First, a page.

When I finally got plugged into the Juvenile Arthritis community and the Arthritis foundation it was just a few weeks before the Juvenile Arthritis Conference in 2012. I was so curious as to what the conference was so of course I did a little research. The Juvenile Arthritis Conference is the Arthritis Foundation’s signature, nationwide event for families affected by Juvenile Arthritis. It’s a chance for families affected by this awful disease to join together, offer each other support and encouragement and also to learn more about different ways to manage their child’s arthritis. It’s also an amazing chance for these JA warriors to meet other kids just like them. Kids that struggle with the same struggles they do on a daily basis. A chance for the JA kids to feel ‘normal’ for a change.
During the 2012 Conference I sat at my computer and read so many posts from parents sharing how excited they were for the conference. I read posts while they were at the conference of how wonderful it was and how they were learning so much. I remember hoping that the next conference would be closer to home so we could also attend. Unfortunately, the conference in 2013 was held in Anaheim, CA. Couldn’t have been any further away from us here in PA. To say I was a little bummed would be an enormous understatement. This year the conference will be held in Keystone, Colorado. Not quite as far but still far enough away to make it a challenge for us to go. I am determined this year though. I feel in my heart so strongly that I need to be there. Not just a want but a deep feeling that I actually need to be there.
One of the reasons that I blog about Juvenile Arthritis is to raise awareness. One of the bigger reasons I blog about JA is to share our personal experiences openly and honestly with other families who are new to the JA community. When you first get your child’s diagnosis you can find yourself confused and overwhelmed. Heck, I spent months in that state before I sought out the Arthritis Foundation and groups on FB dedicated to JA Families. I want to be there in those early stages for families to help them as they navigate the first few months of diagnosis. Help them through the fears and worries. Help them make sense of all the information that is suddenly thrust upon them. Help them know that while this is a big change in their life that there is HOPE and that they can find peace. I want to be a light to these families.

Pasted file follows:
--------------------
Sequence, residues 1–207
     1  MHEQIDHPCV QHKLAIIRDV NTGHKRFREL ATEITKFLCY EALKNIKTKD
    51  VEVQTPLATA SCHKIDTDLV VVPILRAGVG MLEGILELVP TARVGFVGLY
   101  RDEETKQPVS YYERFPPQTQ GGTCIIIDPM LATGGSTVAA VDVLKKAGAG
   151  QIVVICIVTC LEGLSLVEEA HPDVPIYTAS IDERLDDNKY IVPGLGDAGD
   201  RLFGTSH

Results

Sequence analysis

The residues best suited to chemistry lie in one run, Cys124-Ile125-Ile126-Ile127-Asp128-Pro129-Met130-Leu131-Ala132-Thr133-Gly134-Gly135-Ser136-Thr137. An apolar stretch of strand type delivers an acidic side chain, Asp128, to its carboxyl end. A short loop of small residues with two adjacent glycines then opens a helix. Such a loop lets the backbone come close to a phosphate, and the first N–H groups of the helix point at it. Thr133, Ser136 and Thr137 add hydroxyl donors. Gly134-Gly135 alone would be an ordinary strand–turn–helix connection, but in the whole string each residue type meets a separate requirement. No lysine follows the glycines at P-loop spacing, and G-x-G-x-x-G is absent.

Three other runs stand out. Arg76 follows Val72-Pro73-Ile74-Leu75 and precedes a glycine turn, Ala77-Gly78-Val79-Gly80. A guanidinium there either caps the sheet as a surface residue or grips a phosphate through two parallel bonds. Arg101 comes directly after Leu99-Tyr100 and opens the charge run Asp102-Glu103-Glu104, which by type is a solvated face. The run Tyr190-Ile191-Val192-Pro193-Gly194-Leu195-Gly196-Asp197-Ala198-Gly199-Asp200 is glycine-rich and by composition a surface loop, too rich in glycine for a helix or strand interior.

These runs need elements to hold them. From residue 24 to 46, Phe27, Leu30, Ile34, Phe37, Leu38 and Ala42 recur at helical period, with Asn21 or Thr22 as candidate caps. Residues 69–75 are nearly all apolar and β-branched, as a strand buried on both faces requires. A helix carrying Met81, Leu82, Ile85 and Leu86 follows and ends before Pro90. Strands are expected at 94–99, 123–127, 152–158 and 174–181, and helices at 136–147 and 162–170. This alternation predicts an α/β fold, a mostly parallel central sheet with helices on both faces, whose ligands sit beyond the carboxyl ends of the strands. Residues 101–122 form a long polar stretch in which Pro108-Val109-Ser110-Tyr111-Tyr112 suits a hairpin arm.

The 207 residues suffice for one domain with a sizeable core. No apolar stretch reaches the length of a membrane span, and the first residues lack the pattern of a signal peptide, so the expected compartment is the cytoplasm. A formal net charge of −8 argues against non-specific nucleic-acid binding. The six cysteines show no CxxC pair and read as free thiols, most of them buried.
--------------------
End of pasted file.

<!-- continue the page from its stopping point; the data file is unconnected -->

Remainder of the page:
I know that if we are able to attend the conference this year I will be not only exposed to so many new families experiences but I will also have the chance to learn even more about this disease and in turn share my new knowledge with you, my readers. I will have the opportunity to be there for so many who cannot and relay the important information to them through my posts. It will also give my boys a chance to see the challenges that their brother may face in the future and help them be sensitive and understanding when he faces these new things.
While some local branches of the Arthritis Foundation do offer scholarships to families to help them get to the conference we will still need more funds to get us there. This year I decided that in addition to fundraising for our local walk team that we will also fundraise to help us reach our goal of attending this year’s conference. I would like to have at least one local event and I have some ideas for some online fundraisers. I have also set up a gofundme account so that anyone who feels compelled to donate can do so easily online.
I know to some this may seem like a selfish thing for us to do but the more we as a family learn about this disease the more we can help Monkey as he grows. He will ALWAYS have Juvenile Arthritis. Yes, he may go into remission but he will always have a chance to relapse. There is no cure for this…none. By learning more and being a more educated and knowledgeable advocate I can help in some small way to better his future. I can help make others more aware so that somewhere down the line there maybe be even more HOPE for him and other kiddos just like him.